HAYDEN Brent < Back  
Sport Swimming
CGA Canada   
Gender Men
Born 21 Oct 1983 in Maple Ridge, CAN
Height1.93 m
Weight 88 kg
Human Interest
Further Personal Information
Family Wife Nadina
Residence Vancouver, BC, CAN
Occupation Coach, Motivational Speaker, Photographer
Languages English
Higher education Humanities, Marketing - University of British Columbia: Vancouver, BC, CAN
Sport Specific Information
When and where did you begin this sport? He began swimming at age five. His first club was the Spartans Club in Chilliwack, BC, Canada.
Why this sport? His parents encouraged him to join his first club.
International Debut
Year 2002
Competing for Canada
Tournament Commonwealth Games
Location Manchester
General Interest
Nicknames Soup (ubyssey.bc.ca, 12 Feb 2002)
Hobbies Photography. (brenthayden.com, 11 Jul 2011)
Most influential person in career He attributes a lot of his success to the late karate sensei Tom McDonaugh. (brenthayden.com, 11 Jul 2011)
Injuries He suffered from stomach problems at the 2010 Commonwealth Games in Delhi. (brenthayden.com, 11 Jul 2011)

He injured his back prior to the 2008 Olympic trials, forcing him to scratch the 50m freestyle event from his programme but managed to qualify for the 100m and 200m freestyle events. (Swimming Canada, 11 Jul 2011)

An elbow injury following the 2004 Olympic Games in Athens forced him to withdraw from the 2004 Canadian World Short Course team. (Swimming Canada, 03 Aug 2006)
Superstitions / Rituals / Beliefs On a competition day, he listens to classical music to stay relaxed. Just before a race starts, he listens to heavy metal music to energise himself. (Swimming Canada, 16 Jul 2010)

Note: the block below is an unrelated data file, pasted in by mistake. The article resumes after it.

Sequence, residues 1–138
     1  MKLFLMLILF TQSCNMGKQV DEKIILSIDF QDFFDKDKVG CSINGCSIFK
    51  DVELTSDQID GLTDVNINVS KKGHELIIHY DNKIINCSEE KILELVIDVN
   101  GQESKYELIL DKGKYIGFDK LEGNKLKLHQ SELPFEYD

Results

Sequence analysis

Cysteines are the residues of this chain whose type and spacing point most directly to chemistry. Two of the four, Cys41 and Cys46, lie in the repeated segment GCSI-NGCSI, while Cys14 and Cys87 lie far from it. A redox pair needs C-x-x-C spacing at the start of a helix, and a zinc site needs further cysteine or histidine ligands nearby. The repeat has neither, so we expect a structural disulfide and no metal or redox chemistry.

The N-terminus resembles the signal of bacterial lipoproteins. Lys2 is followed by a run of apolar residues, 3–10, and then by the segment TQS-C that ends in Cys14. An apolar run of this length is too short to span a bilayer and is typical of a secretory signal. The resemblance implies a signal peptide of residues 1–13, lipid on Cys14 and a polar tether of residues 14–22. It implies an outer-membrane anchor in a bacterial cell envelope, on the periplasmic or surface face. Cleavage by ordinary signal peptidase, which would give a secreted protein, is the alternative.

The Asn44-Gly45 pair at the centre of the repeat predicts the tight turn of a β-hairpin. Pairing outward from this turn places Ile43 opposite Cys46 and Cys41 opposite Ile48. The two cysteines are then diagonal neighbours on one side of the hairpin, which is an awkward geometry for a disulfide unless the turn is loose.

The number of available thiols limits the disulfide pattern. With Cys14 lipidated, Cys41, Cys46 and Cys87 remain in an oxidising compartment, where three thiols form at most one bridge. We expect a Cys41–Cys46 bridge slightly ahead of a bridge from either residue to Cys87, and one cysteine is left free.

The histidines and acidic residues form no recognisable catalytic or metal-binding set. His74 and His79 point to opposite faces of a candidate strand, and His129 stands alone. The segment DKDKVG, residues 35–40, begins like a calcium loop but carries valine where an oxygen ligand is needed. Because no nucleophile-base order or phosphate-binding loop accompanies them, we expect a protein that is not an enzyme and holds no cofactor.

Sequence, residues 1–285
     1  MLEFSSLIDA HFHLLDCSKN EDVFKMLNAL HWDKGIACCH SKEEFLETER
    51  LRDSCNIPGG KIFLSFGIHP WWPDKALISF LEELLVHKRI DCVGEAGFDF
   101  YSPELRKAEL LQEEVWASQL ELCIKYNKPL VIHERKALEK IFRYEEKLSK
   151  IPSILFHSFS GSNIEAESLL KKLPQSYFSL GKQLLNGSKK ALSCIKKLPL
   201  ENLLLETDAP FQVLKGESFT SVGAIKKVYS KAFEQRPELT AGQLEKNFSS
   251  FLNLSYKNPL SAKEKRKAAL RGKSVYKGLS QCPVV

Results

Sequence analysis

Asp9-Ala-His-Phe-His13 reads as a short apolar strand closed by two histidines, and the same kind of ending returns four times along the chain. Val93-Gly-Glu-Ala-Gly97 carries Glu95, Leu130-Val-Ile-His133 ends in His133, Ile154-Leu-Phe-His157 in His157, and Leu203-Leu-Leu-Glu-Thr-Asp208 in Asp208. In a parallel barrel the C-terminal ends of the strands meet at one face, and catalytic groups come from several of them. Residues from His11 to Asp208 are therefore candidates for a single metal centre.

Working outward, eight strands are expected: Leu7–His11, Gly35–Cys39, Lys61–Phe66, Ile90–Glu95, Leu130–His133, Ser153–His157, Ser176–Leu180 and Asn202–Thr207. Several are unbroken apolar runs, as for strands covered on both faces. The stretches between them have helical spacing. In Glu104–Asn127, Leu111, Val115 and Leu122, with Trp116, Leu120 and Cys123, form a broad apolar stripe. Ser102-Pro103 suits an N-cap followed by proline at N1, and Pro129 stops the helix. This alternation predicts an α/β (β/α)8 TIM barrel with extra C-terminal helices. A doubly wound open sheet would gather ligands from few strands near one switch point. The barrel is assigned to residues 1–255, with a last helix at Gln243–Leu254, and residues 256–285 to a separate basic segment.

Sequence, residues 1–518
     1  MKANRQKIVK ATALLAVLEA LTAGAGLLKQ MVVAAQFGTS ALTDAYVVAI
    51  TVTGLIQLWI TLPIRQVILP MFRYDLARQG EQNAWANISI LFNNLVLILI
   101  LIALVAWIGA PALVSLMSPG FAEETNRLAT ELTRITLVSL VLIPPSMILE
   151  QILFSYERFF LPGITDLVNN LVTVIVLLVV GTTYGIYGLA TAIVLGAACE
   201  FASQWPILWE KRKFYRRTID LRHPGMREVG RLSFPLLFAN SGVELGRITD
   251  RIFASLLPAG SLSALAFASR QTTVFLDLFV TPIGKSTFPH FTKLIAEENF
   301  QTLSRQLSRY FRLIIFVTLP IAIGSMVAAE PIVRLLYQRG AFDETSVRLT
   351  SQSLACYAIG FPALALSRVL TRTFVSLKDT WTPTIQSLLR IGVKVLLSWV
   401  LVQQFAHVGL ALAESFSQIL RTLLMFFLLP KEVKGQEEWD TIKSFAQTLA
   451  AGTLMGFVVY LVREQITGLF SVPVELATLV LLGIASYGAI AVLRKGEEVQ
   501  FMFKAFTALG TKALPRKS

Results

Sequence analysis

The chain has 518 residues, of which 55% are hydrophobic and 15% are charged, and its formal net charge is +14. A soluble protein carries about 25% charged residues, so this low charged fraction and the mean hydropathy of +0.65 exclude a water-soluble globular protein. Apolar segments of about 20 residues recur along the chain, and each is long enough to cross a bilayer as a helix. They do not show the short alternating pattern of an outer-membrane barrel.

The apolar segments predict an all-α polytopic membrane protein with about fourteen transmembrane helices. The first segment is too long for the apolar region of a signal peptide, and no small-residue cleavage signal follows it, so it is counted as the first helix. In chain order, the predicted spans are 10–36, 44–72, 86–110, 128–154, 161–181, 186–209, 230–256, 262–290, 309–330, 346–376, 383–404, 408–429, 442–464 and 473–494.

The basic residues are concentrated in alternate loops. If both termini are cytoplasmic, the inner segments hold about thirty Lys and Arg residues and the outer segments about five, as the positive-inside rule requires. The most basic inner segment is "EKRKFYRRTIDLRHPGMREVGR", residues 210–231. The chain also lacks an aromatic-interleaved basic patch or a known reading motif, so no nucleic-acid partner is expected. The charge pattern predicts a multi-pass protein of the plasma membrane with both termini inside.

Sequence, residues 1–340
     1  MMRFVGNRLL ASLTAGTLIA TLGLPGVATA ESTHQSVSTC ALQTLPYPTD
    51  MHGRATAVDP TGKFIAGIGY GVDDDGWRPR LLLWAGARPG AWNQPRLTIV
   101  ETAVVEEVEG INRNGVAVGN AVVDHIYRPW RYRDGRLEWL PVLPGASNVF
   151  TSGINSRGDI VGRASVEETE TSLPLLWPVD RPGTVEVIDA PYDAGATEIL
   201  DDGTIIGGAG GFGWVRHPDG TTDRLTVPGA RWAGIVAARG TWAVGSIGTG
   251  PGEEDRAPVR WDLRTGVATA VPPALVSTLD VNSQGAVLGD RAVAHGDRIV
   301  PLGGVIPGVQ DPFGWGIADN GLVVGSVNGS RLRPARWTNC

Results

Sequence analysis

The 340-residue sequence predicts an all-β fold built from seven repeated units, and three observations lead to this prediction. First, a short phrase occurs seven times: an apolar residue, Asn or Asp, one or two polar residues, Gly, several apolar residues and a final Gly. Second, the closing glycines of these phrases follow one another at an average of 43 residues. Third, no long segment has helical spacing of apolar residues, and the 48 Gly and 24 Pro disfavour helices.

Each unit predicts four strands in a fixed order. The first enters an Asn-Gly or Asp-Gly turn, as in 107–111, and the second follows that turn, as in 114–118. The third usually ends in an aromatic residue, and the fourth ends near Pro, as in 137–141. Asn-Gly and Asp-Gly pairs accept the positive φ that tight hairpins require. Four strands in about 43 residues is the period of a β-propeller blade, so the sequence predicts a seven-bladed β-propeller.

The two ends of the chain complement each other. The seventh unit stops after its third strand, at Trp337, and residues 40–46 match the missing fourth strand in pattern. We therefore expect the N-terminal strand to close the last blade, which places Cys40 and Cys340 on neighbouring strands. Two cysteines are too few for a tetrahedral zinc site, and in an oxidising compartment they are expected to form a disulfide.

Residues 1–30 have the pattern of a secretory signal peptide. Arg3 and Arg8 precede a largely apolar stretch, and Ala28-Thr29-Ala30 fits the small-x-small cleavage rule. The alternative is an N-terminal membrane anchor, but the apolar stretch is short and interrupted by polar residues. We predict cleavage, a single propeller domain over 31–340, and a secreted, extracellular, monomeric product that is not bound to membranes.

Awards and honours In January 2013 he was inducted into the British Columbia Sport Hall of Fame. (vancouversun.com, 22 Jan 2013)

In 2005 and 2006, he was named Male Swimmer of the Year by Swimming Canada. (Infostrada 2005, swim.bc.ca, 24 Nov 2006)

He earned Canada's first world title in the pool since 1986, winning the 100m freestyle at the 2007 World Championships in Melbourne, Australia. (Swimming Canada, 16 Jul 2010)
Other sports He has a black belt in Isshin-ryu karate. (Swimming Canada, 11 Jul 2011)
Other information RETIREMENT
After winning his first Olympic medal, a bronze, at the 2012 Olympic Games in London, he decided to retire from competitive swimming. He announced his decision at a medal ceremony at Canada House, saying he had not planned on retiring at that moment but realised it was the right decision. "I was going to give myself two months to see if there was a moment when it felt right," he said. "And if that moment didn't come, then I would have just kept swimming." (ca.sports.yahoo.com, 06 Aug 2012)

After competing at the 2004 Olympic Games in Athens he was severely beaten by riot police after walking out of a bar and becoming unknowingly mixed up in a violent anti-war protest. He suffered welts to his arms, stomach and back, and said afterwards that his legs were bleeding pretty badly. "It was definitely the scariest moment of my life," he said. (The Star, 01 Aug 2008)

He has a Superman tattoo on his chest, hence the nickname 'Soup'. The Chinese writing tattooed under one of his arms means 'friends forever' and he got it done with a friend who survived a terrible motorcycle crash, and he has a Japanese-inspired design of clouds with three stars [symbolising the mind, body and soul] in memory of his long-time karate sensei, Tom McDonagh, who passed away. (The Star, 01 Aug 2008; Vancouver Sun, 28 May 2010)

He used to suffer coughing attacks when he was younger but thought it was an adverse reaction to chlorine. During a scouting mission to China prior to the 2008 Olympic Games, doctors diagnosed him with asthma and he secured a drug exemption from the International Swimming Federation [FINA] to use an inhaler. (cbc.ca, 16 Jul 2010)

He and defending champion Filippo Magnini of Italy tied for first place in the 100m freestyle final at the 2007 World Championships in Melbourne, Australia. Both swimmers were awarded a gold medal after recording the time of 48.43s. The win was Canada's first swimming title in the pool at a world championships since Victor Davis won the 100m breaststroke in 1986. (swimming.ca, 23 Apr 2007)